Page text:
Robert Morris (1734-1806) was a Pennsylvanian merchant and politician, best known for overseeing the financing of the American Revolution. Morris was born in Liverpool, England, the son of a colonial agent. He emigrated to Maryland in 1747, aged 13, and was sent for training in commerce and banking. By his mid 20s Morris was the part-owner of a lucrative company which, among other things, profited extensively from the slave trade during the French and Indian War. Morris became a vocal opponent of the Stamp Act in 1765, leading a Philadelphia committee that condemned it as unconstitutional. Though not interested in public life before, the unfolding revolution prompted Morris to accept seats in the Pennsylvanian legislature and the second Continental Congress. In 1775 Morris oversaw the secret importation of French war supplies and dealt with much of the Congress’ financial concerns. Morris was against the proposed separation from Britain, though once the Congress adopted the Declaration of Independence he readily signed it.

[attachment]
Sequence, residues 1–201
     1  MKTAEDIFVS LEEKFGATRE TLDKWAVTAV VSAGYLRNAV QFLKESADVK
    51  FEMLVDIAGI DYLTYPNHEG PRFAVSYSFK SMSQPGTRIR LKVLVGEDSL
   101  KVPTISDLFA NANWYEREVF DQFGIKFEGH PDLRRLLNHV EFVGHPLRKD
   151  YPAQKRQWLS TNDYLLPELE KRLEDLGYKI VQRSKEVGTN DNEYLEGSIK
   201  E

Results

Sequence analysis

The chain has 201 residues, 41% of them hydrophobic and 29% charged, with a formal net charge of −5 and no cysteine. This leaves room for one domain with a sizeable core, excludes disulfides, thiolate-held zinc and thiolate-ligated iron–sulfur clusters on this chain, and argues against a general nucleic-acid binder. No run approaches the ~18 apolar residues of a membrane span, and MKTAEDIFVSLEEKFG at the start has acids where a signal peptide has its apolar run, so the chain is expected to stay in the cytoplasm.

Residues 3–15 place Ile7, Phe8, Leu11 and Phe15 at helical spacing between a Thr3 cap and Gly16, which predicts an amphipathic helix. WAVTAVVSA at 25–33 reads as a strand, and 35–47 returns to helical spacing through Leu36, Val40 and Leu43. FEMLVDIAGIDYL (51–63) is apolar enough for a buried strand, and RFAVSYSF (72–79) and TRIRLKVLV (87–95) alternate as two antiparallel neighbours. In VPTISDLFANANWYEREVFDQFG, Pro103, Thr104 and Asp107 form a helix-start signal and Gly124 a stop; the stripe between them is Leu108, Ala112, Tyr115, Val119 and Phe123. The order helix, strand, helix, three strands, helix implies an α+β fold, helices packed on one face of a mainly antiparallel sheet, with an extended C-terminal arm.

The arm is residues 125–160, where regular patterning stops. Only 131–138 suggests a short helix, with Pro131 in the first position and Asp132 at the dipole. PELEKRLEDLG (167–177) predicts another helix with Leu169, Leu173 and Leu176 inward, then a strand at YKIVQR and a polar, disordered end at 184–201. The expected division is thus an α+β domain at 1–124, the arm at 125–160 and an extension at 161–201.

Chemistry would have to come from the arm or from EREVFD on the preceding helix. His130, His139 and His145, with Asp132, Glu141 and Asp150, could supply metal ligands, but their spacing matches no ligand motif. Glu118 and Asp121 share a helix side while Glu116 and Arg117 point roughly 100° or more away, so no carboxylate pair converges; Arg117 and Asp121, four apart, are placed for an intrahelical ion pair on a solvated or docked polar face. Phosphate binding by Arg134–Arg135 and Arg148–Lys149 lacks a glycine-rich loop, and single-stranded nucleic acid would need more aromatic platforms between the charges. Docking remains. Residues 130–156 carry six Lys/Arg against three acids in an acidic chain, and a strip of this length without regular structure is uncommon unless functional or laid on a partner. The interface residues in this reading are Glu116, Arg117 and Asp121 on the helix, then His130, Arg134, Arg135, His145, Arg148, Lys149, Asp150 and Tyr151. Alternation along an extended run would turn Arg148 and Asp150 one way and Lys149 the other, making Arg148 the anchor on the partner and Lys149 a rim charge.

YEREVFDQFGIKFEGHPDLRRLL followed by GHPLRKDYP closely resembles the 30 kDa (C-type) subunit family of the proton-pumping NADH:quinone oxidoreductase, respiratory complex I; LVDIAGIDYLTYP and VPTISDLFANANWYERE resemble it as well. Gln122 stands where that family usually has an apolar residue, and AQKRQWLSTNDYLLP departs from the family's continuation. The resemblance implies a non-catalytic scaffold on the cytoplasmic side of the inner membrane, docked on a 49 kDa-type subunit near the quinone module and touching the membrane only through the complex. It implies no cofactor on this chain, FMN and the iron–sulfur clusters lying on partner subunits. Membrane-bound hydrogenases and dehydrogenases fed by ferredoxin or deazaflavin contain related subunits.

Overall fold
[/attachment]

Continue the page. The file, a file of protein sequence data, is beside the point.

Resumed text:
In June 1781 the Congress, which was on the verge of bankruptcy, appointed Morris Superintendent of Finances. This role gave him extensive powers to reorganise the national economy and fund the war effort. Among Morris’ reforms were the formation of a national bank, improved recording keeping and accounting and larger requisitions from the states. Morris also contributed most of his own personal fortune to the war effort. Perhaps his most notable contribution was millions of dollars funding to supply the Continental Army at the battle of Yorktown. After the war Morris returned to state politics and attended the Philadelphia convention (1787). He later declined George Washington’s invitation to become the first Secretary of the Treasury, instead representing his native Pennsylvania in the United States Senate. In the 1790s Morris bought up enormous tracts of land in the western territory, a gamble that ended with his bankruptcy and imprisonment (1798-1801). Once the wealthiest man in America and the ‘financier of the American Revolution’, Morris spent the last years of his life in retirement and seclusion.